4. The reviewers may not actually read your entire proposal text. Given the time constraints, reviewers typically do not read everything. They read what they have to in order to complete their evaluation task and look for answers in specific places in the proposal (which means knowing where to provide information is crucial). This brings us to the final point…
  5. During the review process, the reviewers receive a list of pre-defined questions to answer in an electronic form. They are required to provide a mark per question and a short feedback text. This means they may be satisfied by looking for specific answers to the specific questions in specific places in your application.


Understanding the above constraints during the review process, our goal becomes very clear. We must make it as easy as possible for the reviewers to find answers to their questions in the text without spending too much time reading the entire proposal.


Our main focus is to present the project in the most efficient way to the reviewers.


Top Tips for conveying the right message to the reviewers during the review process:

  • Adhere to the template. The first guideline is to follow the proposal template and avoid altering it. Pay attention to the headlines of the various sections and their meanings. Carefully read and follow the template’s instructions. It is imperative to address the various elements of a proposal in the right dedicated places. A typical mistake is to confuse the messages addressing the “What am I going to do in the project” – the project concept, with “How am I going to do that” – the project implementation. The reviewers are looking for specific information in specific sections – give it to them.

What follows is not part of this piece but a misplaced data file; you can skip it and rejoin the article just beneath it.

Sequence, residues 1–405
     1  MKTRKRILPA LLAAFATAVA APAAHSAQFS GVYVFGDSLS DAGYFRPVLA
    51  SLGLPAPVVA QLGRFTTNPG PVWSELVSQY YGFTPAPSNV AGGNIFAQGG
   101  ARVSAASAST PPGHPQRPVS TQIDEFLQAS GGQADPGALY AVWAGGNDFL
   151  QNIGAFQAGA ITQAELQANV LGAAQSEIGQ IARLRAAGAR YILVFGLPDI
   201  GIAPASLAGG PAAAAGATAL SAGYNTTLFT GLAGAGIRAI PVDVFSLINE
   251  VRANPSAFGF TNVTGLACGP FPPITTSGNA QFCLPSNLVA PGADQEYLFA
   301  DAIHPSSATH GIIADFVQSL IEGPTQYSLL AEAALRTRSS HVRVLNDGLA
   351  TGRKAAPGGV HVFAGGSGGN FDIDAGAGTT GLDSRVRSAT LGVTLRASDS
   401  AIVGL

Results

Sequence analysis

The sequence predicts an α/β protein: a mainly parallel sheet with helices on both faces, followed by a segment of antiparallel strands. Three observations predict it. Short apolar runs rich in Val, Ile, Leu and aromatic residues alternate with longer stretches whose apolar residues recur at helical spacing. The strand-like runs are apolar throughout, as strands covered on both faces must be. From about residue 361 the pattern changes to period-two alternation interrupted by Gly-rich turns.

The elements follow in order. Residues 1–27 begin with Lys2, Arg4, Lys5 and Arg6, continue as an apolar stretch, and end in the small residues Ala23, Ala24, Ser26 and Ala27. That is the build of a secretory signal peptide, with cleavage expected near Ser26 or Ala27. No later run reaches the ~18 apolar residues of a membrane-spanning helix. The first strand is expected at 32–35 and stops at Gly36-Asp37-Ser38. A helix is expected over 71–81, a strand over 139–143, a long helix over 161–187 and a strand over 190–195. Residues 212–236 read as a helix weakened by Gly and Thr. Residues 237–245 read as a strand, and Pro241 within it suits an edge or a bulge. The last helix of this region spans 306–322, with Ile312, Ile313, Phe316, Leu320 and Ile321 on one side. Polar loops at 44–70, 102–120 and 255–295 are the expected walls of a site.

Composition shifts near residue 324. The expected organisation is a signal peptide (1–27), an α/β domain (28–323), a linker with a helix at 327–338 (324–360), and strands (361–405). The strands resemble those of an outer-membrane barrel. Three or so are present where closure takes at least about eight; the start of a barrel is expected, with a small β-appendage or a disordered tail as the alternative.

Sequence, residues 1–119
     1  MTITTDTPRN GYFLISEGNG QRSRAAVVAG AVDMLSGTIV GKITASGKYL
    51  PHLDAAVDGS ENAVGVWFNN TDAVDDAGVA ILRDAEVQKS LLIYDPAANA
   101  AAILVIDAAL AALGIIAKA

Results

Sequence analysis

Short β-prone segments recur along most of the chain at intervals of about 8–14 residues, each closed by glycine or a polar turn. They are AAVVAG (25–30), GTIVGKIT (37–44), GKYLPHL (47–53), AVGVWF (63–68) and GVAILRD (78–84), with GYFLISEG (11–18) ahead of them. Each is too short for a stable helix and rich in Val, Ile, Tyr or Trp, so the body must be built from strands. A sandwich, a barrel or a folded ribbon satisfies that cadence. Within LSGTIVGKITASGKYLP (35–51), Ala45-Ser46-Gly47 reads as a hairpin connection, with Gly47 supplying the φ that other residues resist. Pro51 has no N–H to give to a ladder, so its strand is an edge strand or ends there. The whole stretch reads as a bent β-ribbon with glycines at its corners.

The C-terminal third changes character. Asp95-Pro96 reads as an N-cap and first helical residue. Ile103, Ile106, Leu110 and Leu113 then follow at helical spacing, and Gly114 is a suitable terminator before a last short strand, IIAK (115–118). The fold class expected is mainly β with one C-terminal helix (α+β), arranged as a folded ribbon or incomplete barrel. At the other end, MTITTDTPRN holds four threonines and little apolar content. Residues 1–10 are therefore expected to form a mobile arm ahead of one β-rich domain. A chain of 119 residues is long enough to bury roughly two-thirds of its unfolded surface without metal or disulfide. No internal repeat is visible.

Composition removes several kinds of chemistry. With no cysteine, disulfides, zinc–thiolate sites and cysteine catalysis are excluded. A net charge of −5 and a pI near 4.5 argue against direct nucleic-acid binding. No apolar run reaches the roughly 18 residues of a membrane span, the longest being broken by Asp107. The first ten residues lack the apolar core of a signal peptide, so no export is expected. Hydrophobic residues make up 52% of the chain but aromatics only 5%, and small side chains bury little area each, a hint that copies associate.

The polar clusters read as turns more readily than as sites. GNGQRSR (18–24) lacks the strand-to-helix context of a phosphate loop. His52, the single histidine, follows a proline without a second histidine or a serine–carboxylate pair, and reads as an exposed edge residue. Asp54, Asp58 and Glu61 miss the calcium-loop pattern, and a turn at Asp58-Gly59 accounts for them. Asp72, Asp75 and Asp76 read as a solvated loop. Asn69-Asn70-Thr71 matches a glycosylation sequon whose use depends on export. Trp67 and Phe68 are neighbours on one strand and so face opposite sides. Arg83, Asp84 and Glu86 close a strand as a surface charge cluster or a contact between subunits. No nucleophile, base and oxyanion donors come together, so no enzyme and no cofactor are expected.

• Counterintuitive order. The requested structure and order of sections could, in some cases, be counterintuitive. Follow the requested structure no matter what. At the same time, make sure you keep a logical framework to the text, despite the constraints that may derive from the template.
  • Get to the point. Another typical mistake is writing a lengthy background and literature review in the opening texts. Although many grant applications and other writing tasks do require this, in Horizon Europe and ERC grants, it is best to keep the background concise, to the point and in the appropriate sections. Excessive texts generally do not serve your application well, even more so if they are wrongly positioned in the application document.
  • Avoid “patch work”. It is very important that the project presentation is consistent and coherent. A typical mistake is structuring the project presentation from a collection of inputs and texts from various sources (consortium partners, previous proposals, etc.). The right way is to consolidate all these inputs, by the lead writer(s), only if relevant and in line with the overall message. This ensures a unified voice and a smooth flow that is free of repetitions and redundancies.


Following the tips above can ensure the reviewer will have an easier time with your proposal during the review process. If you’d like to receive more extensive consulting, consider our Deep Dive service.